November 17, 2020
EU's evaluation of origin-labeling for meat determines rules' effectiveness and relevance
The European Union has recently published its evaluation of origin labeling for meat.
The evaluation assesses whether the rules on food information to consumers in regards to the mandatory origin labeling for pigs, sheep, goats and poultry as applied in Members States are effective, efficient, coherent, relevant and bring EU added value in view of its objectives, current needs and problems.
The assessment report features three options: The simple option of labeling the origin as EU / third country according to where the animal was reared and/or slaughtered; the intermediate option of featuring labeling of Member State or third country of both rearing and slaughter; the last option of mirroring the labeling scheme already in force for beef for more than 10 years.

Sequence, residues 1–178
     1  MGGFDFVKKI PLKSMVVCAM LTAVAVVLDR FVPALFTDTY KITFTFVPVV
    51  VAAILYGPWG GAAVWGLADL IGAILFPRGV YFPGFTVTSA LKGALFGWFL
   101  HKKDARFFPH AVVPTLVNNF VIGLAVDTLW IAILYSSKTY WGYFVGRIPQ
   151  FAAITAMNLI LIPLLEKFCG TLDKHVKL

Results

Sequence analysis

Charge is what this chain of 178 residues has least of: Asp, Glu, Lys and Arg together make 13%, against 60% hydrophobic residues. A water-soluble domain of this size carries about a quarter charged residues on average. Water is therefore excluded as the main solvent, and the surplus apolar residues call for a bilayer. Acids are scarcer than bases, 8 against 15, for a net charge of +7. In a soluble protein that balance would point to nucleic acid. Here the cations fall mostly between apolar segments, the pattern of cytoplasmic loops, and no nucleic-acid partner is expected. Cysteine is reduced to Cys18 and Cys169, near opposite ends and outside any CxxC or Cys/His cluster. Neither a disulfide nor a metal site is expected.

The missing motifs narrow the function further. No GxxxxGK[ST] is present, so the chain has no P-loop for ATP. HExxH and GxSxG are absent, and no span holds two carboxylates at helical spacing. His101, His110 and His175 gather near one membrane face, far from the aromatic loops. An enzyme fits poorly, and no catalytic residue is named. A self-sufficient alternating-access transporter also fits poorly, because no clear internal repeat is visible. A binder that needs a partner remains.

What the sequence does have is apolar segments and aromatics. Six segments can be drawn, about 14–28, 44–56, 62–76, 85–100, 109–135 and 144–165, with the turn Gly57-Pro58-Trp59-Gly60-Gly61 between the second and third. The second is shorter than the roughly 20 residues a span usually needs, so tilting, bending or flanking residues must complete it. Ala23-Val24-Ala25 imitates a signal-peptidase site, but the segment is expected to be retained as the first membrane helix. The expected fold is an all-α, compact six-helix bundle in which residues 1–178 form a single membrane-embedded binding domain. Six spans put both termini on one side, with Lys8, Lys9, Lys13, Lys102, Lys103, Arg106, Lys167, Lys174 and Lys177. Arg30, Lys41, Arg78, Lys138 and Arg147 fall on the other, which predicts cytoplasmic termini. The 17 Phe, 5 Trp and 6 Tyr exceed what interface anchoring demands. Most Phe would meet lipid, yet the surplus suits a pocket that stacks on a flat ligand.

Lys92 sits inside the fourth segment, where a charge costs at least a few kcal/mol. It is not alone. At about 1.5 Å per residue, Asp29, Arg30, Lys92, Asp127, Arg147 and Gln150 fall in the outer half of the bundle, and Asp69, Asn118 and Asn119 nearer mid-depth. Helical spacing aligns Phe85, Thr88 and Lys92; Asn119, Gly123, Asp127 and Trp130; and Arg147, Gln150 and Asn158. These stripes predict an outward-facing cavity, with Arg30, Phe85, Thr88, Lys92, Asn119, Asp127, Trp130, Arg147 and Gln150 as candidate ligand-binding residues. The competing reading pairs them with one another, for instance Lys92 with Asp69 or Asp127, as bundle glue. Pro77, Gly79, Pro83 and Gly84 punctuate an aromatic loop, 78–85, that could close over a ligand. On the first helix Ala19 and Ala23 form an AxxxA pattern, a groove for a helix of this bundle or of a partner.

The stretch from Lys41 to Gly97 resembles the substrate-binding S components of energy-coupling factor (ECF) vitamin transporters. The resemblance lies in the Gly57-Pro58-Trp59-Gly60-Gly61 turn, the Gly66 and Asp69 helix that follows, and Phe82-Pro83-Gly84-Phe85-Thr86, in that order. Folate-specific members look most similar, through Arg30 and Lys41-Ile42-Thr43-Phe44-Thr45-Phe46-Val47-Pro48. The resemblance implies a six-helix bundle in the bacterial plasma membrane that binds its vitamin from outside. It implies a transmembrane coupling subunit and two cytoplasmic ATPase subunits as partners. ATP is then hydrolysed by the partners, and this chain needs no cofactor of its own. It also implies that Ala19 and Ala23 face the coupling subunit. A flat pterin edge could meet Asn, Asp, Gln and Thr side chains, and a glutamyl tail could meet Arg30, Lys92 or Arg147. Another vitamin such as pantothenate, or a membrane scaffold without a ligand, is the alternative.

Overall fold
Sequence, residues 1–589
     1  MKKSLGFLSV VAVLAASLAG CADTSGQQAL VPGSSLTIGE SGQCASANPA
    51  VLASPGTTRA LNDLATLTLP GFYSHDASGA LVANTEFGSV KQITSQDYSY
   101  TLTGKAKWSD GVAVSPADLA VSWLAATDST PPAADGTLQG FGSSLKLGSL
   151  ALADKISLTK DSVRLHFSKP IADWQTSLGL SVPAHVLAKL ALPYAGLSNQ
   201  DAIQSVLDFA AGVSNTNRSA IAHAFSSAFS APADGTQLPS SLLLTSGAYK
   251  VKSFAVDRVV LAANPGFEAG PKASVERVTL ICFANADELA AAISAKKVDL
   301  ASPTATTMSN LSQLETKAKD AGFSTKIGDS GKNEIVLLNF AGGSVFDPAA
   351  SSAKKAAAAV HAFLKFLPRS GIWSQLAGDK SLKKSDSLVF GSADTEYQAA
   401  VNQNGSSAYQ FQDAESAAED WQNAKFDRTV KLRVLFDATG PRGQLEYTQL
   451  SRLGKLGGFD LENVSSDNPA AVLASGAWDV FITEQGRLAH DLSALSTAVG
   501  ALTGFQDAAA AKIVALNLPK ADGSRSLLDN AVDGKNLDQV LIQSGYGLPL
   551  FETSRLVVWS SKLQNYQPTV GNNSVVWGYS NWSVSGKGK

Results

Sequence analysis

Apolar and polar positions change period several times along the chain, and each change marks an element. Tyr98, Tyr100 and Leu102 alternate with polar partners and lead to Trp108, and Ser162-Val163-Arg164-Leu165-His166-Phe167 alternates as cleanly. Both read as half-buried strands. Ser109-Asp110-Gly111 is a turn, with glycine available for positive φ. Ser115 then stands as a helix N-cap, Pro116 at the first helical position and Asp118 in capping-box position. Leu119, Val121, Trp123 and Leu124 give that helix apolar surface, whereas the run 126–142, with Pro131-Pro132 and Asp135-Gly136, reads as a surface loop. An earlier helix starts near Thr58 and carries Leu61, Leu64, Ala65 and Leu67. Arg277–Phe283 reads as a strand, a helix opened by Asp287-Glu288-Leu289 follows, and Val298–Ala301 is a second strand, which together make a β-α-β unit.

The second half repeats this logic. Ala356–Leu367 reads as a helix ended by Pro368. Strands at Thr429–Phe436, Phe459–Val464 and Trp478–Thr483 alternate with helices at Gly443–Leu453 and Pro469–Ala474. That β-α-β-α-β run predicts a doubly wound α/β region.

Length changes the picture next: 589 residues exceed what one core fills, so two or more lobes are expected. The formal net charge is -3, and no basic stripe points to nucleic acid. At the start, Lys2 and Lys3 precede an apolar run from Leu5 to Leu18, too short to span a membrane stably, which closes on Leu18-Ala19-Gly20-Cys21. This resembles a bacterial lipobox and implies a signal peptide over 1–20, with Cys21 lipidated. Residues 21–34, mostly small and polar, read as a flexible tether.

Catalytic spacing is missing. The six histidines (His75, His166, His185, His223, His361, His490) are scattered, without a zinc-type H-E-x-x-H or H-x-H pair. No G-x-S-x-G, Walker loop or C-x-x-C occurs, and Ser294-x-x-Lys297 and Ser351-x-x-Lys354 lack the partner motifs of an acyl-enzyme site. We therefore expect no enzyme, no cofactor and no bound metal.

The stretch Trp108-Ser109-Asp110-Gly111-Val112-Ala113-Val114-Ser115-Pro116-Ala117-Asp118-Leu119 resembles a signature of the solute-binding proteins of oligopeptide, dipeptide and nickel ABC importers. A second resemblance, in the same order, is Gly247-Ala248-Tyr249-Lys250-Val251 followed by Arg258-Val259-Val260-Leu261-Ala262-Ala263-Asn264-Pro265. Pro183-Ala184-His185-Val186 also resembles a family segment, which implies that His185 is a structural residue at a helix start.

Option 2 appears to be the most suitable of the three, providing consumers with meaningful information while, at the same time, not creating disproportionate burdens for all the actors concerned, the European Commission said.
The pig sector would see an approximately 1.15% increase of the wholesale price. The extra cost was found to be mainly transmitted to consumers (90%). Thus, the meat price would increase. Trade flows would be affected marginally. As a result of higher prices, there would be lower consumption in the EU. Hence, more would need to be exported for the products in surplus (pig and poultry meat) and less sheep meat would be imported.
A mandatory label on meat packaging that informs about the place of rearing and slaughtering was adopted by the European Commission in December of 2013 (Regulation 1337/2013). It lays down rules regarding the indication of the country of origin or place of provenance for fresh, chilled and frozen meat of swine, sheep, goats and poultry, which entered into force on April 1, 2015.
- European Commission